A sense of curiosity is nature’s original school of education. —Smiley Blanton
When my son was stillborn, I was told that ‘these things sometimes happen.’ Even though it may be true, it was very upsetting to hear. But I wasn’t upset because I got an answer I didn’t want. I was upset because my doctor seemed ok with that fact.
When families tell me their stories, they are often angry because providers immediately assure them nothing could have been done to prevent it. Conversely, they are often comforted by providers saying I don’t have an answer but I’m going to do everything I can to find one. Even if they ultimately are not able to provide that answer, the act of looking makes a difference to the family.
Curiosity is a concept that has been coming up a lot recently as I talk to families, researchers, and health professionals. We often talk about very specific situations, ideas, studies, or goals. However, the solution to many of our challenges and frustrations is to be curious.
When parents share their stories, we can hear the hope and excitement when they talk about the people who are asking the hard questions, trying to make progress, and not accepting the status quo. Families are encouraged by researchers who are asking if we can do better. Can we prevent some of these deaths? Can we provide better bereavement care? Can we adapt technology to improve other areas of health care? Many families have commented that they want health professionals who are thinking outside the box because this represents a natural curiosity. A desire to learn.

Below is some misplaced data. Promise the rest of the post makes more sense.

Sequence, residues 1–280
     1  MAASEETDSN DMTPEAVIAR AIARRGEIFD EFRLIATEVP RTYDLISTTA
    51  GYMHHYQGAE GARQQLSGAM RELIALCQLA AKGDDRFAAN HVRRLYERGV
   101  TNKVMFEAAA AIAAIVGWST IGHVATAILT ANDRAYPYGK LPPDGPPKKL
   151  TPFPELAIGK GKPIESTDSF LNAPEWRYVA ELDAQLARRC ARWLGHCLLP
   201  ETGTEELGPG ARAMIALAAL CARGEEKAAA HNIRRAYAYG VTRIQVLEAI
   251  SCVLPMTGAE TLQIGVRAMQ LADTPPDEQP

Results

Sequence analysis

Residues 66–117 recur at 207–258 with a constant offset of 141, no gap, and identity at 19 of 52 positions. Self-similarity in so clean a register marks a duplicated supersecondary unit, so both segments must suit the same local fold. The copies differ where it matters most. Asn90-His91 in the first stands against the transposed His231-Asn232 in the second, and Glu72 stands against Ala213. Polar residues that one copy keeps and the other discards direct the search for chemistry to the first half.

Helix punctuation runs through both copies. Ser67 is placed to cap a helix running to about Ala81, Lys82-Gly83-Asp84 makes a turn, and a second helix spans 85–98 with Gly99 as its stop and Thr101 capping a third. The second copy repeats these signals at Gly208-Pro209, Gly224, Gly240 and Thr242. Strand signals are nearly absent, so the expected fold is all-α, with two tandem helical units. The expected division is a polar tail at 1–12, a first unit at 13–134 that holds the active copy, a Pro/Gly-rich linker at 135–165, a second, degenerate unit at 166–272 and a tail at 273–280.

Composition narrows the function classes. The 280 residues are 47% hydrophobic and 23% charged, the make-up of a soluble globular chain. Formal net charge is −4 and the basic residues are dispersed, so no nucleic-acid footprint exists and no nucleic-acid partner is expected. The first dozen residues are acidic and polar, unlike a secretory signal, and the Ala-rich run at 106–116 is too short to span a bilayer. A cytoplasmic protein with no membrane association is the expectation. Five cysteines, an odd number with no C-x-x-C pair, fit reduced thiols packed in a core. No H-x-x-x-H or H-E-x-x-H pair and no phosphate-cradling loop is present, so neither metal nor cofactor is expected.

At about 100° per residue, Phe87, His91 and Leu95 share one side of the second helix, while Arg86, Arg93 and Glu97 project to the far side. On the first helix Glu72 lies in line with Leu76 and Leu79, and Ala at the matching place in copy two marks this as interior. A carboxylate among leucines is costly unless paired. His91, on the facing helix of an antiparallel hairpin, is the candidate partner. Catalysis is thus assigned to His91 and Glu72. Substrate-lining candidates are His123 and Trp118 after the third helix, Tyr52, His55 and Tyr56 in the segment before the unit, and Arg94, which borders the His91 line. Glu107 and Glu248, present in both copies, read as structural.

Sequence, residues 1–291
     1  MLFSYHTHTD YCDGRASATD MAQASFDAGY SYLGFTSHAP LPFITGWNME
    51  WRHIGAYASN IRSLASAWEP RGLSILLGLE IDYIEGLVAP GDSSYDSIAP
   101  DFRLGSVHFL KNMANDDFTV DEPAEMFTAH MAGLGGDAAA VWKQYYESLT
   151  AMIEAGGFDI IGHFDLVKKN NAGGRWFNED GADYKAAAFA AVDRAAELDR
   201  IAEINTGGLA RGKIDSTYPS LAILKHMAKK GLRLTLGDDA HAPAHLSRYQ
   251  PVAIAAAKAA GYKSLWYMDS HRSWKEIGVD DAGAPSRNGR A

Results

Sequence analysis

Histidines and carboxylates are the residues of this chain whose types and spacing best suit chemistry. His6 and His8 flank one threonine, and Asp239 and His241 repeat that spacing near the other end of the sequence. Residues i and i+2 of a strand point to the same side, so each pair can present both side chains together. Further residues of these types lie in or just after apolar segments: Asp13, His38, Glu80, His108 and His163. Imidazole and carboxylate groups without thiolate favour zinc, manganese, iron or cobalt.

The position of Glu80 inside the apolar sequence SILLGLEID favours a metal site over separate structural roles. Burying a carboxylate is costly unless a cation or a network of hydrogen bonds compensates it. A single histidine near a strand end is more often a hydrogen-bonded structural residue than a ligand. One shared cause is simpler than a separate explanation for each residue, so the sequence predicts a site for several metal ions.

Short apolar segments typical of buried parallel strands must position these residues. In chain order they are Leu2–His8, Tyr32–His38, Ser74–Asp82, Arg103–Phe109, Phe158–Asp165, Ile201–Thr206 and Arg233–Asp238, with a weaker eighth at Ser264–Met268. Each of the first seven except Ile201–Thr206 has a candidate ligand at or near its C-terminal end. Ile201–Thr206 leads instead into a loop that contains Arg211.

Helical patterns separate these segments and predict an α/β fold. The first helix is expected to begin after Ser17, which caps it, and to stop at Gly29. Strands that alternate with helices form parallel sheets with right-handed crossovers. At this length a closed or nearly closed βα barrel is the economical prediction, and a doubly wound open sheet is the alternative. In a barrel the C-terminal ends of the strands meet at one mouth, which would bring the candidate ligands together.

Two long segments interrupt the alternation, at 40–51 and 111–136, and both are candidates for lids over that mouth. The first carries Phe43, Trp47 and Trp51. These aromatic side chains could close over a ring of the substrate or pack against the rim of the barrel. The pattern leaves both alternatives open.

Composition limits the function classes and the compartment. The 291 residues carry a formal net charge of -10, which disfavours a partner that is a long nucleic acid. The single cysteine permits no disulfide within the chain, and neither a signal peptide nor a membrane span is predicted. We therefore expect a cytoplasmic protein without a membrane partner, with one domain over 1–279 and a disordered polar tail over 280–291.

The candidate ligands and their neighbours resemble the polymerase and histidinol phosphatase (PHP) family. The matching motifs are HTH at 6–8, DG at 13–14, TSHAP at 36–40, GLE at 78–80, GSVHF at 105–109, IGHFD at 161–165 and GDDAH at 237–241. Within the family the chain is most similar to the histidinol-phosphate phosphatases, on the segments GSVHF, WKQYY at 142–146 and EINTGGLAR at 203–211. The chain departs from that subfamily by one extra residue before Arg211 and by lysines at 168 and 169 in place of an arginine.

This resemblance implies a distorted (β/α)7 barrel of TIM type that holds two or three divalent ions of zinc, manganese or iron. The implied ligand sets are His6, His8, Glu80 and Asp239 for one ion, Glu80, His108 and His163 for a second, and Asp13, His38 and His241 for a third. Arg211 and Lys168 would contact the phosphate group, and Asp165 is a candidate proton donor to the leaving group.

The curious have hope, they never stop asking questions for they believe there is always a better answer.
Health professionals are often paralyzed by the legal, financial, and political constraints that dictate how they provide care. Policies are put in place for good reasons, but they don’t always represent the individuality of the patients and can be difficult to change. They may also contribute to providers making medical decisions based on the policy and their liability rather than using their clinical decision making skills and goals of the patient.
So how can health professionals, policy makers, researchers, and others who work with these families improve outcomes, reduce liability, and ensure the families feel supported? They can be curious.
We don’t expect health professionals to be perfect. They are human and they must work within the current level of understanding. But progress in any industry is not made by people being content with what we know. We need people who truly believe we can do better and look for ways to make that happen. It requires that we admit we aren’t perfect and accept the challenge laid before us.
Curiosity is a willing, a proud, an eager confession of ignorance. –S. Leonard Rubinstein
One of the scariest phrases to me is “because that’s the way we’ve always done it”. Even if the current ways of working are the best, we don’t really know that until we look for other ways. We are fortunate to live in a time of amazing technology and communications. Those tools can not only be used to improve obstetric care – but they can serve as role models. Technology exists because somebody wondered ‘why?’, or ‘why not?’ Current communication is possible because somebody asked ‘how could we do better?’
Brilliant and curious people are the key to true progress. I hope we can support and encourage their efforts rather than contribute to their barriers and fears. And I hope we can entice even more brilliant people to be curious and add to their efforts.